Inherent Risk & Maturity

A renewed set of drivers, directly aligned with long-term value creation and cost savings, have begun to motivate organizations to increase their dependence on third-parties, thus forming the extended enterprise. Forty-one percent of respondents reported “some” increase in their dependence on third-parties in the previous year and eleven percent reported a “significant” increase. In turn, this has forced companies to consider investing in holistic and integrated programs to manage extended enterprise risks, brought about from increased third-party involvement.

Business Case & Investment

Centralized Control

Prior surveys have confirmed that the majority of global companies were equally or more decentralized than they were centralized across operating units/entities. However, the aforementioned dominance of third-parties forming the extended enterprise in these decentralized operating units/entities presents potential concerns. A critical, organization-wide matter should not be left to the discretion of external personnel, so decentralization has been scaled back. Mainly, companies introduced centralized ownership and management of the various elements in their extended ERM framework to combat these concerns.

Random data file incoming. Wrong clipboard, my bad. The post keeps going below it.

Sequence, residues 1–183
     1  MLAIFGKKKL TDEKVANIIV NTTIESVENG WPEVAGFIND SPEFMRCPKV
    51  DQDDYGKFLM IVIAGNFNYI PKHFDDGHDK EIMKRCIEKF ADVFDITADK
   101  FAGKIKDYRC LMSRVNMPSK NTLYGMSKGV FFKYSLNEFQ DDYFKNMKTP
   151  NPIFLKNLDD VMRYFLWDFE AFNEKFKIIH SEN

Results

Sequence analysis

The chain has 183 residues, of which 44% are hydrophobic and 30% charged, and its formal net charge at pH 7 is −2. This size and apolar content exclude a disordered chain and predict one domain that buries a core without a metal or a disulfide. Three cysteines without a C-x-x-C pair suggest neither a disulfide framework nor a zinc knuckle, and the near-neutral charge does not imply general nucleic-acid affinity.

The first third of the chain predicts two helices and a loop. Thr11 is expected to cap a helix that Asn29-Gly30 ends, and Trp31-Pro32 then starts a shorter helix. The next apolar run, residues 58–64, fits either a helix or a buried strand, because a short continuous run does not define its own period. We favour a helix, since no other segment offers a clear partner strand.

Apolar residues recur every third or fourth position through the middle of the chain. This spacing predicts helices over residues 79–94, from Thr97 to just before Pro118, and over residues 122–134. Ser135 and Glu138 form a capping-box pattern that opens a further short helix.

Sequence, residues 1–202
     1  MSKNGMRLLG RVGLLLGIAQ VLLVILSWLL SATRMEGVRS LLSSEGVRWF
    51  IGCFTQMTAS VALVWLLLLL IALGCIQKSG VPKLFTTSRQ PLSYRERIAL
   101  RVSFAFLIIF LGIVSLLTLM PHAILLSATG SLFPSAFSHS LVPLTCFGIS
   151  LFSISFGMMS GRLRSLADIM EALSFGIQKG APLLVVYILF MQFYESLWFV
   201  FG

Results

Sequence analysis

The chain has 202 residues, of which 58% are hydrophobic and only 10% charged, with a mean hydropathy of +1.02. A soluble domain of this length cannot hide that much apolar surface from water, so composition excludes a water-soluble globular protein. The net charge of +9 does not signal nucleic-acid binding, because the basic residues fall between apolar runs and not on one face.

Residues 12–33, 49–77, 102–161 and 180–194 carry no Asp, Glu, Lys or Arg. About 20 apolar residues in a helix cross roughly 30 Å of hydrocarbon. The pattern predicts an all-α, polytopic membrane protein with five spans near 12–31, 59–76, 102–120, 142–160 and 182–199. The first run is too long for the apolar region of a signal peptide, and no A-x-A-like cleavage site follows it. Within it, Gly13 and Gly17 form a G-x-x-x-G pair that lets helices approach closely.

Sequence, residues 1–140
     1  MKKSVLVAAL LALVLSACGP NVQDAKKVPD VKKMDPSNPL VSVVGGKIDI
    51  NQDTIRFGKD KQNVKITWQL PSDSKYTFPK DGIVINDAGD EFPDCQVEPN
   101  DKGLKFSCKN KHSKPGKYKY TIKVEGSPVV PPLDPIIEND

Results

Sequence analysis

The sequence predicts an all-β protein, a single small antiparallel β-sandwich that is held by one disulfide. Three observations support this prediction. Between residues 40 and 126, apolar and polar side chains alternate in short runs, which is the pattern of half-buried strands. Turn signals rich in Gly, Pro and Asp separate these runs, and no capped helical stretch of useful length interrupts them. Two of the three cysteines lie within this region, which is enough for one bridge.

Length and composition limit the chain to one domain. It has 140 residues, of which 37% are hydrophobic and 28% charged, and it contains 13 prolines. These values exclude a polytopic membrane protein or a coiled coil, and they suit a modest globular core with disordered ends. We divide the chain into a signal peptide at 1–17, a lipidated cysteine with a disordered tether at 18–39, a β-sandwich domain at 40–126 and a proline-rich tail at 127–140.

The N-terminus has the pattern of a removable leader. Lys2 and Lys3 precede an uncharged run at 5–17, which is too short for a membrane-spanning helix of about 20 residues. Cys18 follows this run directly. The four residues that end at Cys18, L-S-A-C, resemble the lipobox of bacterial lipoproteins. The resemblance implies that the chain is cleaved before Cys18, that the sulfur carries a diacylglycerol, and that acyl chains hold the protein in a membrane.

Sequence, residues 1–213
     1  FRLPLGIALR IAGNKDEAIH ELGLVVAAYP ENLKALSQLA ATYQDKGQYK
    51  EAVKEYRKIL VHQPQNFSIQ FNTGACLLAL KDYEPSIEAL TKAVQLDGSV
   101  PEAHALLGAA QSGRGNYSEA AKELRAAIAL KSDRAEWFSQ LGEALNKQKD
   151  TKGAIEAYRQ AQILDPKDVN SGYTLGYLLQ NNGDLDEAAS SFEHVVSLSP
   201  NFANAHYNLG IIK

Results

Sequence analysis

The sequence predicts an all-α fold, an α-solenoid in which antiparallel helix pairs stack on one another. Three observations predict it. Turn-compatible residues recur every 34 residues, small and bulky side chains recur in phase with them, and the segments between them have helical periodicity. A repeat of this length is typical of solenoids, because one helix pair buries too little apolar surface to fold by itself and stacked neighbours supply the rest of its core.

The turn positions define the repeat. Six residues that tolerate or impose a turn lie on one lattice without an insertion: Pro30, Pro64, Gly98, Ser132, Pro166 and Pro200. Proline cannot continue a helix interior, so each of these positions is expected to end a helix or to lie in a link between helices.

Emerging Technologies for ERM

Organizational Accountability

Ultimate ownership and accountability for EERM suggests it is well and truly established in the C-suite roles with need for improvement in engagement. Seventy-eight percent of organizations suggest that the CEO, CFO, CPO, CRO or Board member is ultimately accountable for EERM. Also, executives who are under direct Board/CEO supervision have seemed to face significant accountability.

The majority of organizations believe there is substantial room for improvement in the level of engagement on the EERM agenda by Board members and risk owners. This is a common trend among new ERM phenomena and is only made more difficult with third-party involvement. Only twenty percent of Board members engage at a high level, suggesting that eighty percent of Board members only moderately interact with EERM agendas and initiatives, for which they are usually held accountable.